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The Tufts Daily
Where you read it first | Saturday, June 22, 2024

Brown and (Usually) Blue: Imagining the environment

In a new column, our deputy Arts exec talks South Asian art, culture and the people making it happen. First up: author Amitav Ghosh.

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Author Amitav Ghosh is pictured.

My room back home in Bombay (or Mumbai, depending on who you’ve heard it from) faces the Arabian Sea. I’ve gone to sleep listening to the soothing lull of waves since before I learned the meaning of the word, walked past couples posing against clear blue skies and admired crimson west coast sunsets, especially since my foray into Instagram. But the rose-tinted glasses (or filters, if you will) of social media can’t hide the reality of where we’re headed. I’ve seen the sea inch closer every year and witnessed the city’s crippling monsoon floods, exacerbated by poor urban planning. There’s a good chance my home will be underwater by 2050.

Oh, and I like reading. Aside from ruminating on the inevitability of climate change, I relish exchanging my anxieties for an author’s. One of my most prized books in my collection back home is a signed copy of “The Great Derangement” (2016) by Amitav Ghosh. Named one of the most important global thinkers of the 2010s by Foreign Policy magazine, Ghosh is an Indian writer whose expansive work explores environmentalism, colonialism and the significant intersections of the two.

In his non-fiction work “The Great Derangement,” Ghosh challenges us to reflect on the kind of legacy we will leave for future generations, to think about climate change and its frequent exclusion from literature. As he writes about the scope of literature, explaining how it could allow meaningful dialogue on climate change and actively contribute to sociopolitical discourse, readers are moved to acknowledge its powerful potential. His extended discussion about the role of colonialism and human selfishness in further entrenching a dismissive and potentially harmful attitude to environmental concerns taps into a rich vein of ideas that could greatly expand the dialogue on the legacy of colonization.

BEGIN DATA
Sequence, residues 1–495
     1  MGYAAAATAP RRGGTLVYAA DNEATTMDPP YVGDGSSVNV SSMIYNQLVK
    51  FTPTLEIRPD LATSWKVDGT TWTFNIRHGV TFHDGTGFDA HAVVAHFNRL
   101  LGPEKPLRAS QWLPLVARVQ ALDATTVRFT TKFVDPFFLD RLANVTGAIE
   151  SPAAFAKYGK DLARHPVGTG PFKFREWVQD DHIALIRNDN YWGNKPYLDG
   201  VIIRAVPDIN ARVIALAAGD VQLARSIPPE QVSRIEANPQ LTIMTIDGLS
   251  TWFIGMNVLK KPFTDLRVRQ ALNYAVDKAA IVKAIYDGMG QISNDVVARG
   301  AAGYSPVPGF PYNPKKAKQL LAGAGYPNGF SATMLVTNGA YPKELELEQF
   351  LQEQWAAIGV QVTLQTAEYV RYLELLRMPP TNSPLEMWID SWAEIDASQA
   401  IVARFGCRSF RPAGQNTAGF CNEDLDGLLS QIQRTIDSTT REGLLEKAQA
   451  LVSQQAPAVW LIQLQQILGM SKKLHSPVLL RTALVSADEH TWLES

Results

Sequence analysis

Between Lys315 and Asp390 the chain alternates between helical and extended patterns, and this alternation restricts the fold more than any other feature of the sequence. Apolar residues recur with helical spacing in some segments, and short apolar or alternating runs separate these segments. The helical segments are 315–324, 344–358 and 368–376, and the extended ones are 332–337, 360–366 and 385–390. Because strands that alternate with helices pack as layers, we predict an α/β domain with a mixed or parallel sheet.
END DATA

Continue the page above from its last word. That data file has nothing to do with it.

My other favorite Amitav Ghosh book is “Sea of Poppies” (2008), the first in his fictional “Ibis” trilogy. Ghosh weaves a cast of characters tied together by their journey on the Ibis, a Mauritius-bound ship carrying opium and indentured laborers. His poignant narratives on the crushing nature of colonialism, set against the backdrop of an incoming Opium War, follow its impact on his characters as well as their environment. From the hapless Deeti, the wife of a perpetually intoxicated factory worker, to the French orphan Paulette, socially ostracized and mocked for her association with Indians, to the landlord Neel, whose precarious financial situation leaves him at the mercy of a ruthless opium trader, the story of each character mirrors the mass exploitation of the land, left with scars that transcend time, space and generations. The turbulent journey across the Indian Ocean parallels the reader’s emotional experience, and as you sink deeper into the tale, you’ll be adding its sequel, “River of Smoke” (2011), to your reading list before you even reach the final chapters.

In an era of cursed climate conferences, slippery statistics and inauthentic activism, Amitav Ghosh’s literature is a comfort, an inspiration and a guide all at once, amidst (to borrow from his words) waters “churning with improbable events.”

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